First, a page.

Building Community (INT 201)

The second course in the INT sequence, 'Building Community,' continues the traditions of INT 101: small discussion-based classes (18 students, maximum) in which writing-instruction is interwoven with study of a topic through the works of writers, thinkers, artists and scholars. The broad topic for this sophomore level course is community – how communities are formed, cultivated or threatened, and the role citizens play in preserving public good in communities and nations. Many sections of INT 201 enrich the course by giving students direct community experience through service learning.

Recent sections of INT 201 have focused on issues such as poverty, criminal justice, animal rights, homelessness, and how parks can build community. Service learning experiences include tutoring in Bibb County schools, working with animal shelters and rescue organizations, volunteering at a day center for the homeless, and helping to renovate and maintain Tattnall Square Park.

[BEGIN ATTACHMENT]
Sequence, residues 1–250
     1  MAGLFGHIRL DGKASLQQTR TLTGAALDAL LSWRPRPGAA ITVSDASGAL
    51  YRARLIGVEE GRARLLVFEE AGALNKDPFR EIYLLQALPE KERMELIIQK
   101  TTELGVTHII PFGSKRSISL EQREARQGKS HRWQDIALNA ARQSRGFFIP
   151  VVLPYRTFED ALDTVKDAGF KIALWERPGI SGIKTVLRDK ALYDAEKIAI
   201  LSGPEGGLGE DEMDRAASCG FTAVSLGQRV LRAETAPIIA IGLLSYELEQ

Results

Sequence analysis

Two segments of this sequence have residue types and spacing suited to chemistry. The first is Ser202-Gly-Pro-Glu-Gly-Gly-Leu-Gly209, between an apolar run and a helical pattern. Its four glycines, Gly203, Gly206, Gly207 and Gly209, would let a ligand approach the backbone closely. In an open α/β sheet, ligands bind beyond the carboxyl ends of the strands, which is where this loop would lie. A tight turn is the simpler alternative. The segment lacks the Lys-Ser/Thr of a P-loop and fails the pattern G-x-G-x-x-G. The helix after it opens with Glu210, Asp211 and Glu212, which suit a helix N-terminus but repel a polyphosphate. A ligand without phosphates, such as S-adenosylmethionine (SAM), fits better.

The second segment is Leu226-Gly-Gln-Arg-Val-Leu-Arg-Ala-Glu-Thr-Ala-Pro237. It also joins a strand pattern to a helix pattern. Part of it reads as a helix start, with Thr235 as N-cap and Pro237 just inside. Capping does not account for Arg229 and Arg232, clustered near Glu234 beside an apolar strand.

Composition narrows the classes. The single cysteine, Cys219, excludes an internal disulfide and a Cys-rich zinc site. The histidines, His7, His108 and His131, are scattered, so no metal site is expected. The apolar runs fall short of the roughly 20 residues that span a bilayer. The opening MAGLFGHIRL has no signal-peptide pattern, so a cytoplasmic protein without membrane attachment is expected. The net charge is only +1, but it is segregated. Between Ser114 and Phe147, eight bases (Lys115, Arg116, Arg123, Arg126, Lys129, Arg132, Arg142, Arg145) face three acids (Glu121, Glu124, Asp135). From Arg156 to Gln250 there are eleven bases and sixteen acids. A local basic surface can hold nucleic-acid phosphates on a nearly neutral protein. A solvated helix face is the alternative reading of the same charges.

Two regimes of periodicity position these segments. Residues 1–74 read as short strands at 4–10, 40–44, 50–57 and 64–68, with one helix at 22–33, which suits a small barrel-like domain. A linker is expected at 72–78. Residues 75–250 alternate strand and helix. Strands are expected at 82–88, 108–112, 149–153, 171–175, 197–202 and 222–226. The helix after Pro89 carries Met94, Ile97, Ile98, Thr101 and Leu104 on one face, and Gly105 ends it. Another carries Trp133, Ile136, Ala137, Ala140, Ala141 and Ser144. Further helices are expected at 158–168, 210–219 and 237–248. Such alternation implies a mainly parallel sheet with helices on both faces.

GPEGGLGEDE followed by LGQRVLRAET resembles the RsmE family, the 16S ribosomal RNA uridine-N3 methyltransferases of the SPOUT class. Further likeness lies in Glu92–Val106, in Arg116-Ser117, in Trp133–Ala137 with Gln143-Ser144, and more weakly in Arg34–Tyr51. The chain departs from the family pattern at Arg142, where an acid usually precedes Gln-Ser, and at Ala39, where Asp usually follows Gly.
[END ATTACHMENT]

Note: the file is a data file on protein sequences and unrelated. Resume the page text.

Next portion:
Based on course evaluations, INT 201 can boast about its teachers and about students' learning experiences. Students repeatedly say that their teacher was the best professor that they have ever had. Here is a sampling of more specific comments:

  • This class has opened my mind to the community that we live in like no other. It's one of those classes that influence you and make you want to make a difference in the lives around you.
  • I absolutely enjoyed all of the writing assignments, as they made me think outside of the box and develop a "why" for my reasoning.
  • I think I learned about a lot of things that are really important about life from [my professor]. Not just facts, or how to write better, but how to live a life that's worth living. It was an amazing experience, and I wouldn't trade it for anything.